The ACAS advice on this is: “If an individual does not agree to be tested, the employer should listen to their concerns. Employers should be flexible and try to find ways to resolve any issues” – which is less than a resounding support for the idea of mandatory testing. ACAS goes on to recommend that employer and employee talk about:
- the reason the employee does not want to get tested.
- what might help resolve the issue.
- any other options that mean the employee would not need to get tested, for example if they're able to work from home.
What can I do if an employee refuses to take a Covid test?
As matters stand, it would not be advisable to simply introduce a rule requiring testing without doing everything you can to secure employee agreement. Try to engage with staff to get them to agree, for example, offering to maintain pay during any period of self-isolation may win converts. If there is a really compelling reason to introduce testing and staff persist in refusing, you could choose to discipline and ultimately to dismiss; however if you do this, you may be at risk of a legal challenge and the onus would be on you to demonstrate the need for testing, so it is a matter of balancing that risk against what you consider the risk is to your business if you refuse.
What about the pay of an employee who has a positive Covid test result?
Current government guidance states:
“If your employee is on sick leave or self-isolating as a result of coronavirus, they may be able to get Statutory Sick Pay (SSP). The Coronavirus Job Retention Scheme is not intended for short-term absences from work due to sickness.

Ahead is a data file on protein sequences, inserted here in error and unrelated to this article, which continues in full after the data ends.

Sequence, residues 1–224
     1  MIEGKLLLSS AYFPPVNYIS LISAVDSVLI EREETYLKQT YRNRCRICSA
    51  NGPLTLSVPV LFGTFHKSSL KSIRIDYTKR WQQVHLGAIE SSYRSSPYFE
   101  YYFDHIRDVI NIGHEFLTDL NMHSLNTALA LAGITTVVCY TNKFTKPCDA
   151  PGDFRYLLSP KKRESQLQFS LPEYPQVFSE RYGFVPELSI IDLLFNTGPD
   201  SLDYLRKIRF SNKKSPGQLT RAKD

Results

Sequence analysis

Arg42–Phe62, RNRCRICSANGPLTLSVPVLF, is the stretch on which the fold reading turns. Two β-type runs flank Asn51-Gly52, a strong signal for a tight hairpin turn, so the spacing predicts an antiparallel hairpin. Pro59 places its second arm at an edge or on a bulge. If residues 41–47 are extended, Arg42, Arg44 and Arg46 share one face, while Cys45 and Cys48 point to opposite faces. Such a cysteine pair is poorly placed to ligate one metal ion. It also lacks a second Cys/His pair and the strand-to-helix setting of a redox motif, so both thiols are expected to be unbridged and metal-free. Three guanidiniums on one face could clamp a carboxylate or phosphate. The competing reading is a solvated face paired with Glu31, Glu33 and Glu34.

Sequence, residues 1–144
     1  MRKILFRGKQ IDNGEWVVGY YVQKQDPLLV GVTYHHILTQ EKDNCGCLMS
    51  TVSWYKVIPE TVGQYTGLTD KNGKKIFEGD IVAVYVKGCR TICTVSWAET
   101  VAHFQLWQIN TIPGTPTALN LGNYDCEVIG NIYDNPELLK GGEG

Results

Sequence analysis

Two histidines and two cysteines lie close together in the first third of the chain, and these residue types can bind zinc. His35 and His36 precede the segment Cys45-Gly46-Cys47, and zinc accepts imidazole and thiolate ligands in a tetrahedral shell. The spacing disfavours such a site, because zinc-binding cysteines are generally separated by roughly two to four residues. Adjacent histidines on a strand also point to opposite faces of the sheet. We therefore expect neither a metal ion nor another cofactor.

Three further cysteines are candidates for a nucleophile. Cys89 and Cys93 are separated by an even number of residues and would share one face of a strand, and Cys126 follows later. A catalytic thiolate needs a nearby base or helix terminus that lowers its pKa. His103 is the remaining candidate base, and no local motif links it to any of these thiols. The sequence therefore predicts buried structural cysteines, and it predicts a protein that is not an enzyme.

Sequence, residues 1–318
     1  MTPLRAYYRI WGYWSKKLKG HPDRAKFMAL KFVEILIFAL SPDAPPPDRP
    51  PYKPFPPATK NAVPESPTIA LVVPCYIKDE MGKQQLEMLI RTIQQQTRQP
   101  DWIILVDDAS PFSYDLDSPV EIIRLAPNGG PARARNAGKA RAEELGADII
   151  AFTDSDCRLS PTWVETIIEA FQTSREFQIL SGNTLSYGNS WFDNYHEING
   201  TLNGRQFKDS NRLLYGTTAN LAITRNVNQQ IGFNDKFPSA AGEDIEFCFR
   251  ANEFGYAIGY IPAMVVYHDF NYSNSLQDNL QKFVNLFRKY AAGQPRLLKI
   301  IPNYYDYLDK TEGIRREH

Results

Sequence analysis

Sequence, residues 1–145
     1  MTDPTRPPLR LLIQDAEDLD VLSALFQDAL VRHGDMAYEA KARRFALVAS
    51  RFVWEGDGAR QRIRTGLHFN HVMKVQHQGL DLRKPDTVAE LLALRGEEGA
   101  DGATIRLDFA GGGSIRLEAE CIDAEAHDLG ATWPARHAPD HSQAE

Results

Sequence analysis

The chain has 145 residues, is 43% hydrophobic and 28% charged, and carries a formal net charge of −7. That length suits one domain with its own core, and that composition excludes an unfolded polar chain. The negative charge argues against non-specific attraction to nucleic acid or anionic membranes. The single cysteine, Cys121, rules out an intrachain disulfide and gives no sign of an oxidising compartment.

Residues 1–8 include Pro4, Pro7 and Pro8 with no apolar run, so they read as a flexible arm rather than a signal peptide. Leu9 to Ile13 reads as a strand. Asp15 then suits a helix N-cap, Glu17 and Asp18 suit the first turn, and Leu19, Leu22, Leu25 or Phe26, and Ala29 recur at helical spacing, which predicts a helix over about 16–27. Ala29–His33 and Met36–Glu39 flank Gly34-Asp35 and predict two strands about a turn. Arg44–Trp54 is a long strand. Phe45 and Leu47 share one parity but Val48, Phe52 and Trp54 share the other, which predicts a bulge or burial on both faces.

Short term illness or self-isolation should not be a consideration in deciding whether to furlough an employee. If, however, employers want to furlough employees for business reasons and they are currently off sick, they are eligible to do so, as with other employees. In these cases, the employee should no longer receive sick pay and would be classified as a furloughed employee.”
Based on this, you should not put an employee on furlough simply because they have tested positive for Covid-19. Instead, they should be paid SSP or contractual sick pay (assuming they qualify). You may also want to consider maintaining employees’ pay during any period of self-isolation following a positive test. Whilst there is no obligation on you to do this, it may encourage staff to participate in regular testing if they know their pay will not be affected by a positive result.
Do I need to consider data protection?
Yes. You will need to comply with data protection legislation. This means that you will need to process the information lawfully, fairly and transparently. As long as there is a good reason for doing so, data protection law will provide a lawful basis for processing health data in relation to Covid-19 but be aware that personal data that relates to health is sensitive and is classed as ‘special category data’ that requires additional safeguards.
Where can I find more information?
For further information on testing, good pratcice guidance, and data protection visit the links below.
Find out more